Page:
An effective marketing team knows their customers. They know where to spend their marketing dollars to get the most effect and what messages will resonate with different groups. This customized marketing approach yields a valuable return-on-investment.
However, a one-size-fits-all approach to marketing guarantees marketers will spend more money for less effective results. When they don’t know their customers and their preferences, they must send a variety of messages using many different media.
Yet, many businesses don’t put much effort into learning about their customers.
Below are three examples of differences in customer behavior. You can see how different marketing strategies could be taken to meet their preferences and needs.
- If your customers are primarily women, you need to know they behave differently from men. Marketing to women expert Marti Barletta writes about consumer behavior frequently, but in one particular post, “Guaranteeing Sales Success with Women,” she emphasizes that women are risk-averse and value warranties and guarantees more than men do.
- If your customers are young, from 18-33, 80-89% of them can be found on social networking sites. But of those 74 or older who use the Internet, only 10-19% engage in social networking sites. This information is from Pew Internet.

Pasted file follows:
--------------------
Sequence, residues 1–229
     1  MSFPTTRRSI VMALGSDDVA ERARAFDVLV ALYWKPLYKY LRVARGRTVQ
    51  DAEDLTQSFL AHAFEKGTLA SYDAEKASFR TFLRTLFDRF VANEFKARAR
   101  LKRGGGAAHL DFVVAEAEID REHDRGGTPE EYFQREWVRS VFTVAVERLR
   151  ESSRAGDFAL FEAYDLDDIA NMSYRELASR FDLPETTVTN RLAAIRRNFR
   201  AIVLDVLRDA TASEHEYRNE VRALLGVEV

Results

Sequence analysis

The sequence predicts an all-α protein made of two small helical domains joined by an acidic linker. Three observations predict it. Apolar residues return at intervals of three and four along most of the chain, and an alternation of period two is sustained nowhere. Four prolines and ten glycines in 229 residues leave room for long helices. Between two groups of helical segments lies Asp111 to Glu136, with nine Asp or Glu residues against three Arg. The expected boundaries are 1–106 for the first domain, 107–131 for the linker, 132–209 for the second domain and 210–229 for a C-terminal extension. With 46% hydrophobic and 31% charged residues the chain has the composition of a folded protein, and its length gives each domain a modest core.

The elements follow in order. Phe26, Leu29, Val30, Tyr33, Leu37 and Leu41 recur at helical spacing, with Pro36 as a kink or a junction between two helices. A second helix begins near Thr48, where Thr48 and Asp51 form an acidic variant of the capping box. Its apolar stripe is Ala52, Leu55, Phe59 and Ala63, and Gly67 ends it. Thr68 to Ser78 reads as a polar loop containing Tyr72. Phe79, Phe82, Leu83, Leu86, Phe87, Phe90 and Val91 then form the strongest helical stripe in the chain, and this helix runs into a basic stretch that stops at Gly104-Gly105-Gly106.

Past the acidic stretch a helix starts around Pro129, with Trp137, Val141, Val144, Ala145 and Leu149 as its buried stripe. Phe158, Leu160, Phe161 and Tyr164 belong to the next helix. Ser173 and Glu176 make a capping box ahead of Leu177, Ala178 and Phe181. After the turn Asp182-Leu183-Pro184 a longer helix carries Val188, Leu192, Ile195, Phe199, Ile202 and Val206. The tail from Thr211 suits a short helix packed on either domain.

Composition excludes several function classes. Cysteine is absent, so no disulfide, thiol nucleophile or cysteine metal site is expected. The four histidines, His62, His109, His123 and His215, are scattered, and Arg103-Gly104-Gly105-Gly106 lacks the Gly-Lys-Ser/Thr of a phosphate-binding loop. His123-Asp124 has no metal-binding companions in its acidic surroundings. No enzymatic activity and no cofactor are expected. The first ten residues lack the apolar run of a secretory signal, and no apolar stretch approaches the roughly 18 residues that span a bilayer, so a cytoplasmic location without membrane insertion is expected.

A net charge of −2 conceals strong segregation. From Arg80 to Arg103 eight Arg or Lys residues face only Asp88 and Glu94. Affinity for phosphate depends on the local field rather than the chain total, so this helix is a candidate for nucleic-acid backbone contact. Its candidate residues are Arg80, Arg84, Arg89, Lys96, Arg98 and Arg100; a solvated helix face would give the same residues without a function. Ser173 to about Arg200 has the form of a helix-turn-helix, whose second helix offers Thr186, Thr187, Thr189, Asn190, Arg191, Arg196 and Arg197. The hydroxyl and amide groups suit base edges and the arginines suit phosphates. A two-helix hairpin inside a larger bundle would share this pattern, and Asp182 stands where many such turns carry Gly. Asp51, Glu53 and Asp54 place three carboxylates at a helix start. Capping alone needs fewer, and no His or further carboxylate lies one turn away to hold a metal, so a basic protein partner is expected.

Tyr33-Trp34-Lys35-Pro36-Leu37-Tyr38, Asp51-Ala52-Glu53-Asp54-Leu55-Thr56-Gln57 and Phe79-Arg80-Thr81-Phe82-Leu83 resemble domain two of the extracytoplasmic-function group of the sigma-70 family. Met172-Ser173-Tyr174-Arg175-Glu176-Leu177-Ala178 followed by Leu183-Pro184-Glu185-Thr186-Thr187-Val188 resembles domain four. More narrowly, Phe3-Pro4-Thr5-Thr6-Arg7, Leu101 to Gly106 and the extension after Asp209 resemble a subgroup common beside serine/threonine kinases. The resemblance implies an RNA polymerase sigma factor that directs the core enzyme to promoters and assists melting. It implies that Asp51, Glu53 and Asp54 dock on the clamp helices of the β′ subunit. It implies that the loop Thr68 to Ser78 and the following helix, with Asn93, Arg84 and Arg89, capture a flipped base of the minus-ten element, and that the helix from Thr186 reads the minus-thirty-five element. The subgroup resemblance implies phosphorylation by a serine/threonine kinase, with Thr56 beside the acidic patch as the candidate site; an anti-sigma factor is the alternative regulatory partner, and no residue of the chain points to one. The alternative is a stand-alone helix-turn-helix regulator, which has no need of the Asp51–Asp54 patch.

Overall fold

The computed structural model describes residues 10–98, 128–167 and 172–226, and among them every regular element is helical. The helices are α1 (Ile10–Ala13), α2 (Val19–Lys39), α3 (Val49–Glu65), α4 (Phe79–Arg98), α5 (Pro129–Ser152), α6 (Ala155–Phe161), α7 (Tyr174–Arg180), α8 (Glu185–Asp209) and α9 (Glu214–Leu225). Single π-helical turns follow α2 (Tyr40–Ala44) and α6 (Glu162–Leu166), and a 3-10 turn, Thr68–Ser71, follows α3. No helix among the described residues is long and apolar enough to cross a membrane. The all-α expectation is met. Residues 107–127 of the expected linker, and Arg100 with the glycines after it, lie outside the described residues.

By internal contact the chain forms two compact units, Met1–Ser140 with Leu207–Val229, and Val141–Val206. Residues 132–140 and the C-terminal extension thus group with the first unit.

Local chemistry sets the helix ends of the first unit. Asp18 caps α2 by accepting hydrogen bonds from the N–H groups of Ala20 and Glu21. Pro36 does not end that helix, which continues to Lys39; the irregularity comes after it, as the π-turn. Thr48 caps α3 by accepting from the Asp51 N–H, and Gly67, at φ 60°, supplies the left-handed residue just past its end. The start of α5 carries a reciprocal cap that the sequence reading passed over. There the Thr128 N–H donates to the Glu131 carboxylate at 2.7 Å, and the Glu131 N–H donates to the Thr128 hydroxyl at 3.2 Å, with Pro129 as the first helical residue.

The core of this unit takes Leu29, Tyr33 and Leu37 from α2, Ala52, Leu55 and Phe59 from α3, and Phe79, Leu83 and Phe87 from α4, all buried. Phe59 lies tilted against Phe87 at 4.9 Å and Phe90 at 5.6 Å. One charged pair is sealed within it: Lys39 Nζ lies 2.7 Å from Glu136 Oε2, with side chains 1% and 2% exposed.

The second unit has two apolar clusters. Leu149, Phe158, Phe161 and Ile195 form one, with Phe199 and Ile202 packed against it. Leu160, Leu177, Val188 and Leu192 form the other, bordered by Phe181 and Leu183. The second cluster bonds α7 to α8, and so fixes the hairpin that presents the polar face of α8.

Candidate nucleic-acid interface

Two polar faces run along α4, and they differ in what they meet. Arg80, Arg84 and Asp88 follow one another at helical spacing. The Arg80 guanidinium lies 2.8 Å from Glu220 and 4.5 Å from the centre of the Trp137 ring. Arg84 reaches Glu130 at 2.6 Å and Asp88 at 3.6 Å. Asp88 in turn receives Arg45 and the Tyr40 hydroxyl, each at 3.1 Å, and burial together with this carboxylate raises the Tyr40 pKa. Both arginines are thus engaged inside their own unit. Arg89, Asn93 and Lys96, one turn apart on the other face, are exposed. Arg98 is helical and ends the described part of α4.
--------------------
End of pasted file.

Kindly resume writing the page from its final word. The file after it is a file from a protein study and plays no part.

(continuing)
- If your customers are older and affluent, they might be choosing an urban lifestyle rather than a retirement community. Boston Consulting Group’s Michael Silverstein reports on his firm’s research that these consumers enjoy cooking at home and increasingly have more time to learn new hobbies.
How well do you know your customers? How many of them are women? What age groups buy from you the most? What are their incomes? Being able to answer these questions will help you customize your marketing plan with strategies that will reach your customers without wasting time and money on people who won’t buy from you.
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